Find Out How Your Retirement Savings Compare to Others in Your Age Group

Are you saving enough for retirement? For a lot of us, it’s hard to say—but we can look at how our savings compare to other people in our age group.

As Investopedia explains:

A June 2018 report from the Transamerica Center for Retirement Studies looked at a nationally representative sample of 6,372 workers, age 18 and up, and broke down their retirement savings by generation. It found that Baby Boomer households had estimated median retirement savings of $164,000 as of 2017, while Generation Xers had $72,000, and Millennials had $37,000.

I’m an “Old Millennial” (born in 1981) and I currently have $90,960.73 in my various retirement accounts—although $3,445.87 of that is in a health savings account, which can technically be used for retirement if I don’t spend it on healthcare first.

The Transamerica study suggests that my retirement savings might be higher than my generation’s average for two reasons: my annual income is over $50,000, and I have a graduate degree. (The more education you have, the more money you are likely to save for retirement—or so the study reports, anyway.)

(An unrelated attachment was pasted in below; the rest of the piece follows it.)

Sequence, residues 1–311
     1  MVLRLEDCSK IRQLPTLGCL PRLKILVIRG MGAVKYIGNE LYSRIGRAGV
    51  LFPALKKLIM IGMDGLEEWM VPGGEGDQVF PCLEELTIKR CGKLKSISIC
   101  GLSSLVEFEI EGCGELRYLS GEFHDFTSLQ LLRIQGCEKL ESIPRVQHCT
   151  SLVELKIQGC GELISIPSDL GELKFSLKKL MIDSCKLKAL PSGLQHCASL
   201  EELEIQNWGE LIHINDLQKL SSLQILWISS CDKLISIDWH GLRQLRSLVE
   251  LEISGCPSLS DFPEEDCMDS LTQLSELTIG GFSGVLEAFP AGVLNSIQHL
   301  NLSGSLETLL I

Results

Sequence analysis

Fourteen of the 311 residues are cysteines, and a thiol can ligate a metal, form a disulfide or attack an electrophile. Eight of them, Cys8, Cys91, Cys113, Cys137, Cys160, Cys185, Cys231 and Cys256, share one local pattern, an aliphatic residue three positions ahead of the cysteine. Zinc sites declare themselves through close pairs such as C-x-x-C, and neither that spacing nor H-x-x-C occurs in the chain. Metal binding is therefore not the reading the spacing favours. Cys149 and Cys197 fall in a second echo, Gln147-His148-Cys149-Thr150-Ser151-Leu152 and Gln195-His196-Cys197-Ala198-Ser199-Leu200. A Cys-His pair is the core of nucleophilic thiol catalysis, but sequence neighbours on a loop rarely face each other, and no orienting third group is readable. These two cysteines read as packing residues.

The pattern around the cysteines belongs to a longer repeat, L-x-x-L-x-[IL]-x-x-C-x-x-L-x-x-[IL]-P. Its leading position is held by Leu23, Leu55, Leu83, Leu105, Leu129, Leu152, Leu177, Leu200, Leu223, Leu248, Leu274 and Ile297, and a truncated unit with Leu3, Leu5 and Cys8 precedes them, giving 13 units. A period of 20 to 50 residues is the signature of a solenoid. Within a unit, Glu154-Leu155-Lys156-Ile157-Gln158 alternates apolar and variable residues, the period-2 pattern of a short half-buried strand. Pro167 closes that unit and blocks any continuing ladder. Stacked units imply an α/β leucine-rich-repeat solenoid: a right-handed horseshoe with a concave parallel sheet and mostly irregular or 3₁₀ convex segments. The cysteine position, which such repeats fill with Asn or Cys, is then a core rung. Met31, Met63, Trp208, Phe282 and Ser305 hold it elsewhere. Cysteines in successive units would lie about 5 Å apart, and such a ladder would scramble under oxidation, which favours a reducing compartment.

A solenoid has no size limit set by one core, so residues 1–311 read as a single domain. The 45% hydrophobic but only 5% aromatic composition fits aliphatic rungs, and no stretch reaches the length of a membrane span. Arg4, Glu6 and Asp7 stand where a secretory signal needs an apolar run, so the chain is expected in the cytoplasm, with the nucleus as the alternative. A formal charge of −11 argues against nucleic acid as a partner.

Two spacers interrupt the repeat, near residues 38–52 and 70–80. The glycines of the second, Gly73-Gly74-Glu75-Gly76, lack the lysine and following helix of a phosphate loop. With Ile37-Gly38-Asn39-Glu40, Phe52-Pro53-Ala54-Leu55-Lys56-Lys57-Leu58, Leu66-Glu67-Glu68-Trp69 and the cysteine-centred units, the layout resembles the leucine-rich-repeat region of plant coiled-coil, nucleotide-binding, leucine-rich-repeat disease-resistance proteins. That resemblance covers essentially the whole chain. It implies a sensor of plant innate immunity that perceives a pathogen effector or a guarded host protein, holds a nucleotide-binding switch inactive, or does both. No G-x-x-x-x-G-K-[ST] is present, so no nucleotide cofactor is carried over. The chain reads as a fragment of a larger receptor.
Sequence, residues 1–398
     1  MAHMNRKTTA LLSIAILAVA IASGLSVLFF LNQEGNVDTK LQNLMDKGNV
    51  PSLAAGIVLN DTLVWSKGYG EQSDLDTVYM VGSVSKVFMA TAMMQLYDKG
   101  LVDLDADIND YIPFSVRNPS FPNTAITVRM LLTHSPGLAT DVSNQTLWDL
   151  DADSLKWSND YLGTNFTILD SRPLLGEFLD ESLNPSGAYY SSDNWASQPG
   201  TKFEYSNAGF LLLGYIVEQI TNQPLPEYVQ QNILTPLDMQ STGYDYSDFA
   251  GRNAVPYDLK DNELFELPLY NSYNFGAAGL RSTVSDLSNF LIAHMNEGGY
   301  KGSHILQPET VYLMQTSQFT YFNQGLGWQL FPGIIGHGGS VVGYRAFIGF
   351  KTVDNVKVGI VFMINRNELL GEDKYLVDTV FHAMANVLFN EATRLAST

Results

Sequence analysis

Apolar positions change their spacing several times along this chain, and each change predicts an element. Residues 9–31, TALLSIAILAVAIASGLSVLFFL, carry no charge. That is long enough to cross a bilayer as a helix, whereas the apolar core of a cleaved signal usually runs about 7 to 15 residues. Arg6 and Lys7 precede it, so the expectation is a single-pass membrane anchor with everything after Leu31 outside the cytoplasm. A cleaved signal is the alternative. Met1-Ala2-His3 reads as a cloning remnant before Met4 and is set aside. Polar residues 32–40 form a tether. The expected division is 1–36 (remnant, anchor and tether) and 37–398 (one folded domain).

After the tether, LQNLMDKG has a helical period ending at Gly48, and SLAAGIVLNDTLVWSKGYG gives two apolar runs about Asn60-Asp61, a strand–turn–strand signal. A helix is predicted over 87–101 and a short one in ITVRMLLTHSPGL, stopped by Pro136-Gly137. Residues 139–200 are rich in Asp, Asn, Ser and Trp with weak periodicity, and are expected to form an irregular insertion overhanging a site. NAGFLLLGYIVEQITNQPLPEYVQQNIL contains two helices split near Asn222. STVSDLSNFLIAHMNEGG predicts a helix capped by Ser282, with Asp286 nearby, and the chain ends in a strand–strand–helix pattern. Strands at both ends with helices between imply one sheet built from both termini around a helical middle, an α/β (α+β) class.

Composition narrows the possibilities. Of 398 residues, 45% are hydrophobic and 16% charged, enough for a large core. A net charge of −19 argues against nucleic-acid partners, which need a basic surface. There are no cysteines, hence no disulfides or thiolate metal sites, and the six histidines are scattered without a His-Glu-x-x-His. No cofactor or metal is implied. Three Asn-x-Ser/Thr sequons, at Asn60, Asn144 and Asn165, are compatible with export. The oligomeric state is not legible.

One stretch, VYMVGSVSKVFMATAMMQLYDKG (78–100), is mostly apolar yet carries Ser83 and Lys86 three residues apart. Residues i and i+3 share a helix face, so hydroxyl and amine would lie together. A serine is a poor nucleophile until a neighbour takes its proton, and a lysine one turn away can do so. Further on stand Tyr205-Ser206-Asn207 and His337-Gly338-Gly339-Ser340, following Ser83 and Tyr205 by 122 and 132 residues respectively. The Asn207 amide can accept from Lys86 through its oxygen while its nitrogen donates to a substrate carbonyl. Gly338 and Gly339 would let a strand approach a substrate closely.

I’d argue that my retirement savings are higher than average because both my undergraduate and graduate degrees were fully funded, because I have no children and live in a low cost-of-living area, and because I’ve spent the past five years writing about personal finance.

In other words: I’ve had some financial advantages that the average millennial hasn’t.

But enough about me. What about you? Do your retirement savings fall in line with the average? If they’re higher or lower than what other people in your generation are saving, what factors might have contributed to your ability to make retirement contributions?

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